Jess Templeton, completing PhD in management from University of Canterbury (UC), is visiting New Delhi to study business issues after winning an Education New Zealand scholarship in conjunction with the Indian Institute of Foreign Trade.
She says India is a priority country for New Zealand’s trade and economic future. The Indian population in New Zealand increased by 48 per cent to 155,000 people in the last seven years, according to the 2013 Census.
“India’s influence on the global distribution of economic power will continue to become more significant over time. As a small, independent nation, New Zealand has acknowledged the importance of building robust relationships with neighbouring states to support prosperity and security.
“Sustainable business success can be achieved through compromise, collaboration and cooperation of cultures, disciplines and perspectives.
“Exposure to potential practical applications for an India-New Zealand Free Trade Agreement is a critical factor for learning and exploring opportunities and benefits of developing the bilateral trade and economic relationship between the two countries.
Of Maori-Indian descent, Jess believes that the similarities between Hindu and Māori cultures, specifically within language and customs, could help ease cross-cultural tensions and instigate innovative strategies moving forward.
“Māori business has significant commercial potential in the greater Asia-Pacific region through India. As a young Māori-Indian management doctoral candidate, I am excited about this opportunity to network with Indian industry leaders, and top executives.
“India’s importance to New Zealand is growing. This reflects India’s expanding economy, its growing geopolitical importance and its increased openness to the rest of the world. India is currently New Zealand’s seventh largest export market.
“Its economic growth has sparked the expansion of bilateral trade and economic links. There is potential for growth in both goods and services – agriculture products, tourism, education, and consultancy services.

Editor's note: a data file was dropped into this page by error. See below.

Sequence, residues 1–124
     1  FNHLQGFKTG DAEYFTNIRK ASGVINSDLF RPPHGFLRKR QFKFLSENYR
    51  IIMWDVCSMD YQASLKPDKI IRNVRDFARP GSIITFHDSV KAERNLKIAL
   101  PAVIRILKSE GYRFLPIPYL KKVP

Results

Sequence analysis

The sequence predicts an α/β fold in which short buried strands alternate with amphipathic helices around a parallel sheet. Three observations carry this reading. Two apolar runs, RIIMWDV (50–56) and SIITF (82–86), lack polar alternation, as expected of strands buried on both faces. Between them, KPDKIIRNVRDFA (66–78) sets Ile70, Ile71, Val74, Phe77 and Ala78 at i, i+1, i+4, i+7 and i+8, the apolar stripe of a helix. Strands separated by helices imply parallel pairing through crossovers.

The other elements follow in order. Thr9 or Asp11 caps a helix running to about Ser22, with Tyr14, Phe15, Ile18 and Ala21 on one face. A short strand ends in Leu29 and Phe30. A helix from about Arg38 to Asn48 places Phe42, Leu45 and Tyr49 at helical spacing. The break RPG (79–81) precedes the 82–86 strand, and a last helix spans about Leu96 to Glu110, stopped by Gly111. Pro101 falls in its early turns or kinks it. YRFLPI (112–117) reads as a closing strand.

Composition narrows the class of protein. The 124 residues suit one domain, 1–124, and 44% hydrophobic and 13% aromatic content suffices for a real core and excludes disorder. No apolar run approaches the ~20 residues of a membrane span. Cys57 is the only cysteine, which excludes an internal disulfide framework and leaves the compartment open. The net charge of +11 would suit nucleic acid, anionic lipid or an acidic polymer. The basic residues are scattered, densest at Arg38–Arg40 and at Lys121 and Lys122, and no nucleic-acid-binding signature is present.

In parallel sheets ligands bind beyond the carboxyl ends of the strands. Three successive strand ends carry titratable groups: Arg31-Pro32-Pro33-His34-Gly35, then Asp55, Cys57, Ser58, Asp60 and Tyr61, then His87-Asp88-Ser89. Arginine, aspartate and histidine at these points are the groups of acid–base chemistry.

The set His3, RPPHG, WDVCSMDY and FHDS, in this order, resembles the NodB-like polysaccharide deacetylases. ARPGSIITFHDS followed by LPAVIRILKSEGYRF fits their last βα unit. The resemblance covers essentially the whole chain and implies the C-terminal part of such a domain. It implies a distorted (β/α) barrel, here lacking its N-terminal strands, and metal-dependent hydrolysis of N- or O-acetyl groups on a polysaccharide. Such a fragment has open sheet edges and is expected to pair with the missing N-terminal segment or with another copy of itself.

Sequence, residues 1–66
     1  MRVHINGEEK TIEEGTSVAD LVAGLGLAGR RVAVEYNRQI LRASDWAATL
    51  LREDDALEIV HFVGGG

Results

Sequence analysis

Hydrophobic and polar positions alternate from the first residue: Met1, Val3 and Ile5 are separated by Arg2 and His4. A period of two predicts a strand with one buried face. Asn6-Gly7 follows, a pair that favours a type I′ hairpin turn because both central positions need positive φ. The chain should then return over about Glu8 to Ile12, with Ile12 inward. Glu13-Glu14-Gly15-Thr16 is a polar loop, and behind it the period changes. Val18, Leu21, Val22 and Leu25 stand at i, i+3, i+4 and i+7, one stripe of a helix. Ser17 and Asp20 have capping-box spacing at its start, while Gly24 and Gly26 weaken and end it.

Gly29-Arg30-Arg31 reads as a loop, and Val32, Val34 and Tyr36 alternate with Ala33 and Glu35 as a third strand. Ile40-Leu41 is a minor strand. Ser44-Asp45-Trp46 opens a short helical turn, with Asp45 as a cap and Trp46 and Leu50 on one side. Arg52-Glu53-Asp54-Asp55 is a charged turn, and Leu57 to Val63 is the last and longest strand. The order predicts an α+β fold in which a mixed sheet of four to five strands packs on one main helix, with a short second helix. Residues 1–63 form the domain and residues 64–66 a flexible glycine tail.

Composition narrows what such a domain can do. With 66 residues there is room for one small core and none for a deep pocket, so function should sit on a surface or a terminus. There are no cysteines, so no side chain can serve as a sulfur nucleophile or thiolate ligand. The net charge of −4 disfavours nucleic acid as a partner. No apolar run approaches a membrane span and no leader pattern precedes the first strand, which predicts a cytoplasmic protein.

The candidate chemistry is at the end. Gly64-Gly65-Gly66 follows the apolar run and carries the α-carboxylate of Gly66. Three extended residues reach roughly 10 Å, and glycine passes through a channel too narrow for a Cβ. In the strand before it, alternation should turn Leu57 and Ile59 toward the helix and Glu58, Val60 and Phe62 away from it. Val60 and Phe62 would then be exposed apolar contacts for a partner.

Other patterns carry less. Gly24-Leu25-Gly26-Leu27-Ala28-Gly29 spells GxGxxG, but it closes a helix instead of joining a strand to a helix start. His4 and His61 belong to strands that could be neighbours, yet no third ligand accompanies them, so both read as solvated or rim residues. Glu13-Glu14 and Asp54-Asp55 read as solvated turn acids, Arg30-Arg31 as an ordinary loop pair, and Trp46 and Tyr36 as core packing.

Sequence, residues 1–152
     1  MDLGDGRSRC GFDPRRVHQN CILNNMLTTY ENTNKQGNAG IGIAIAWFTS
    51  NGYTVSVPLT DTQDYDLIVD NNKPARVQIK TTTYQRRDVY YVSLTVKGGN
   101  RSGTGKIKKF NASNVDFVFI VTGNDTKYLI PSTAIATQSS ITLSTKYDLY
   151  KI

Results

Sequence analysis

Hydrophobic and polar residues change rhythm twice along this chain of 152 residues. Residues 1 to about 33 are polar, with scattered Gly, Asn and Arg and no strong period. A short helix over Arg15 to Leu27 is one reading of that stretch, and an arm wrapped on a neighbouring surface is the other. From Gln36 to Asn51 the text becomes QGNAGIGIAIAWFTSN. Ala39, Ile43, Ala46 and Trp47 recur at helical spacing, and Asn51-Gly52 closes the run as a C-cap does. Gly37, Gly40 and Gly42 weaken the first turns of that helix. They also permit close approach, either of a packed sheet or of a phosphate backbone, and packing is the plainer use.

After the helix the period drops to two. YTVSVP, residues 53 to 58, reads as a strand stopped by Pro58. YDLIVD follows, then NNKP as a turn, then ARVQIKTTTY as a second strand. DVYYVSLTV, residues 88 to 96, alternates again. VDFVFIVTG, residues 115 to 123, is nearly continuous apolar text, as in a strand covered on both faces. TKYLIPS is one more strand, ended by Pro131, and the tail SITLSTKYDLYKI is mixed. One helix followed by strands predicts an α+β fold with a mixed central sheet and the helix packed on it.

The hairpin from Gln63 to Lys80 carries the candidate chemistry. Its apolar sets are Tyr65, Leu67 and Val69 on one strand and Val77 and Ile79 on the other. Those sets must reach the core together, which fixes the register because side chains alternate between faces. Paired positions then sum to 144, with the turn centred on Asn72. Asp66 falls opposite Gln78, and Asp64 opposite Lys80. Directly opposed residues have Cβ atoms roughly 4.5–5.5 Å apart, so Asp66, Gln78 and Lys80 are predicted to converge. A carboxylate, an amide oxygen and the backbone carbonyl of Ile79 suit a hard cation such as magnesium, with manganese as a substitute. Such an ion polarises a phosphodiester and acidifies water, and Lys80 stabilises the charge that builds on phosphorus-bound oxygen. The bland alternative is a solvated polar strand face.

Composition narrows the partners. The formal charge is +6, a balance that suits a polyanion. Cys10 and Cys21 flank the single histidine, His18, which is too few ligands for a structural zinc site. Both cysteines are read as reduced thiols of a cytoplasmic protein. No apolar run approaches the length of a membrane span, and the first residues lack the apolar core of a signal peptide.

“Being bi-cultural in a multi-cultural world, studying business and visiting New Delhi is an opportunity to develop both my business insight and academic perspective.”
As part of her PhD studies at the Ngai Tahu Research Centre, Jess is evaluating existing tribal business systems to help Māori.
Jess moved back to UC and Christchurch last year after working with New Zealand’s major oil and gas company in New Plymouth.
Her supervisor Associate Professor Venkataraman Nilakant says her trip to India will provide her valuable exposure and skills that will be useful not only in the PhD but also in her future career as an emerging Maori leader.
“This venture will enhance her leadership capability and develop her research skills. It will also help define fundamental characteristics that will allow Jess to demonstrate that she is work-ready, culturally aware, willing to play an active role in the community and globally connected.
“UC wants all graduates to demonstrate these characteristics on top of being critically competent in their core academic discipline. Jessica is an outstanding example of this.”